Chapter no 54

Winter World

FROM THE MOMENT I saw that first message, I knew talking to the harvester was a risk. But I had to do it. This is our only chance to find out what we’re dealing with. I know this much: the harvester wants something. It’s talking to us because it believes it can glean some advantage from doing so. It has an end game here.

I glance at the clock. Less than seven minutes until the attack drones reach it.

Emma fixes me with a stare that’s a mix of shock and betrayal. I probably should’ve told her about Oscar, but it would’ve led to other questions—questions I wasn’t ready to answer.

I have to focus on the issue at hand: the entity, Art, has no doubt read Oscar’s biochemical storage array. It has access to all of his memories. This is not a contingency I planned for. What Oscar knows about me, and Emma, and more importantly, about the ship, and about humanity’s survival plans… it’s enormous, right down to the blueprints of the Citadel, the number of nukes we’ve retrofitted, and the locations of every camp in the Atlantic Union. His mind is a treasure trove of sensitive data. This is a breach we can’t recover from. I have to destroy the harvester. There’s no choice now.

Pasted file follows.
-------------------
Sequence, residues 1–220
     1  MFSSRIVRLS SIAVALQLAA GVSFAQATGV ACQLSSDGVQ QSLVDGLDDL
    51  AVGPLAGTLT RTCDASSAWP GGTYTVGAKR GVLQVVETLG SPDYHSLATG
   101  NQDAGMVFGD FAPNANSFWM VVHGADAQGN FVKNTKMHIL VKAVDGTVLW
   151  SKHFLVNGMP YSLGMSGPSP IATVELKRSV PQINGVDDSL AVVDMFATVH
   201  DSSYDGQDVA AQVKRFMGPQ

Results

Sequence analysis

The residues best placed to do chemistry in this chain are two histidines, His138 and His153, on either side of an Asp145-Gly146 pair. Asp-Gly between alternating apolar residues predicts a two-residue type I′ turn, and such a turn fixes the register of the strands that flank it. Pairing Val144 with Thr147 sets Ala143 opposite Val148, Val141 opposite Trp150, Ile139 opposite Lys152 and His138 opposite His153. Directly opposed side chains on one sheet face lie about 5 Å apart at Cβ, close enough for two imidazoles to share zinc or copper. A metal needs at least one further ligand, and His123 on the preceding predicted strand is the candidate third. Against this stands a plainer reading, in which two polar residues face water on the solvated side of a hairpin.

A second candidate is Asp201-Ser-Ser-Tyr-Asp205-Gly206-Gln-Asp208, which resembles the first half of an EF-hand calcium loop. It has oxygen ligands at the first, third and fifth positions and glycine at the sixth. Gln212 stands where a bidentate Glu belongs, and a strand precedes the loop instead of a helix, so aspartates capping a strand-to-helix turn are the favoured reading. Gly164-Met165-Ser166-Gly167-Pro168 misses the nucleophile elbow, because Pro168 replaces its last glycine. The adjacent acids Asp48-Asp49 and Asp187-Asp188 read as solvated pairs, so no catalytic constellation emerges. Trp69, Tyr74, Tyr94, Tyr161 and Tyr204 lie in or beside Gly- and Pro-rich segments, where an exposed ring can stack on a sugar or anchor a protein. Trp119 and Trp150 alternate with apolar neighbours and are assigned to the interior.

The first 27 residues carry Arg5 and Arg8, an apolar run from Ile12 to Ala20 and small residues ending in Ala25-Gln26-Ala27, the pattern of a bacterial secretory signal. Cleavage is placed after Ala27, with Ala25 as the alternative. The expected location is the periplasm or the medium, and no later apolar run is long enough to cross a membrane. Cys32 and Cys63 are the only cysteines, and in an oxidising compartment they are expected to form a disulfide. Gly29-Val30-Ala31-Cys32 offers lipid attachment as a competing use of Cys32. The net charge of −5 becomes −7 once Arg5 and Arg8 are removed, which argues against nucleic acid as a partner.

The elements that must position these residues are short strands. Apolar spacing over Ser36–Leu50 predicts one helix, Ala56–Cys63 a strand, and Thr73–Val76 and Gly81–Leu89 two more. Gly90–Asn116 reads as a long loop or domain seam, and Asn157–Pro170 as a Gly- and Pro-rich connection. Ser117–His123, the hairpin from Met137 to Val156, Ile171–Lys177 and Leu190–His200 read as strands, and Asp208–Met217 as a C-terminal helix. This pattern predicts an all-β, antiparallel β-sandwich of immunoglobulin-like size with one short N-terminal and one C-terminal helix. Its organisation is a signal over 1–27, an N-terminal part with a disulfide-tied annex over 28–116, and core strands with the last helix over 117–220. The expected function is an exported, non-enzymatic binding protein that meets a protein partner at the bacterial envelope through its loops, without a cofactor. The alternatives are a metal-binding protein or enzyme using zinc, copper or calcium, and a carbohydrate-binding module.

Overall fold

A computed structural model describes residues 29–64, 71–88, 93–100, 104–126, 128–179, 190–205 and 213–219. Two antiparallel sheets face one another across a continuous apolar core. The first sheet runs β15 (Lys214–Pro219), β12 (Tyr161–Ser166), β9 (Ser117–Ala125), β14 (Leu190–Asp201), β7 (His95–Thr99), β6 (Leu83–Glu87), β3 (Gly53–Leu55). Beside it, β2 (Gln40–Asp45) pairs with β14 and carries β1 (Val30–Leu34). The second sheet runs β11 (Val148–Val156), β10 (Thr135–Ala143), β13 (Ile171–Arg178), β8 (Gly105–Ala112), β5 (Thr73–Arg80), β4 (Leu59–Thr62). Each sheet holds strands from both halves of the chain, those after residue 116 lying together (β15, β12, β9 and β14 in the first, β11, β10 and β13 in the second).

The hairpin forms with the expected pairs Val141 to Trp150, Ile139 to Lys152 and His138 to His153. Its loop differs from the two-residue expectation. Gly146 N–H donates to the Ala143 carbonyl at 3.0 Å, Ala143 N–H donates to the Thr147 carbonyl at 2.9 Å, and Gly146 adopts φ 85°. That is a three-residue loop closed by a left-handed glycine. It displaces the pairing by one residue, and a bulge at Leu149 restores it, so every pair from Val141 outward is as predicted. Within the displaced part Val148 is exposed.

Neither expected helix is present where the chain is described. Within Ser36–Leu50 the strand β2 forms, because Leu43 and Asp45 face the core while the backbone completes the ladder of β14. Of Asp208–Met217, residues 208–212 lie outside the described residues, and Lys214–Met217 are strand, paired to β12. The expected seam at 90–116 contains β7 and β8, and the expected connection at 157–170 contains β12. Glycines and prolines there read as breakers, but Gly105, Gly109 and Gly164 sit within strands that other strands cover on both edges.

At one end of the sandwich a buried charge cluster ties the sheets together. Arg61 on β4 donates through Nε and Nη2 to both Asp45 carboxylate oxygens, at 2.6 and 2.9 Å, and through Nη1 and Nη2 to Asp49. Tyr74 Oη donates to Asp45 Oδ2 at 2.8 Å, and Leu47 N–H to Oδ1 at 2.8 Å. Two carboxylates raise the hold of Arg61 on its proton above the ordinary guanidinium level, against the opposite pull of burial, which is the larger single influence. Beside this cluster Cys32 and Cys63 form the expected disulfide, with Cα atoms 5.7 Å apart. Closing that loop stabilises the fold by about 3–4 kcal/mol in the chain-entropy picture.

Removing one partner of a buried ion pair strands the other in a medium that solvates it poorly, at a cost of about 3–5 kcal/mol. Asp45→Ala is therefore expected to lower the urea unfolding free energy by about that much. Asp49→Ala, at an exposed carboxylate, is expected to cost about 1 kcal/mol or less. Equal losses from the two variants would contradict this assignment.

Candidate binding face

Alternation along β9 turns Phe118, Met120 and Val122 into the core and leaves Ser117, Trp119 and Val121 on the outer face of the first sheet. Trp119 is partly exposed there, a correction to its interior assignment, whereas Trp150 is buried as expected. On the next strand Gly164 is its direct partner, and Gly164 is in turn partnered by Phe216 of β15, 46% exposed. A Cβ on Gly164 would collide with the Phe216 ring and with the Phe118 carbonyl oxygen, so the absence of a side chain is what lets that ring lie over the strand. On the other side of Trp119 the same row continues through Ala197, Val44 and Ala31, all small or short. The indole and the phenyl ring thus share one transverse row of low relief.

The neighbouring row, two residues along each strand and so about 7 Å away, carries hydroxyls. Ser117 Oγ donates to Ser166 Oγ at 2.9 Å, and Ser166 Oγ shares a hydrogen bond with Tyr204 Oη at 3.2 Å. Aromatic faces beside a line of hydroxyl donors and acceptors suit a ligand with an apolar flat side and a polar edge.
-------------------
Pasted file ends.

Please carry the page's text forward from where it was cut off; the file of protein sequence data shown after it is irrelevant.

On the screen, the harvester’s avatar, sitting in the ridiculous library scene, looks amused.

“Emma, you didn’t know?” it says innocently.

Thankfully, she makes no reaction. In fact, she keeps her face neutral and turns her focus to him, not me, showing solidarity.

Her move seems to embolden Art. I get the sense it’s trying to rattle us.

“You two have been keeping all kinds of secrets from one another,” it says.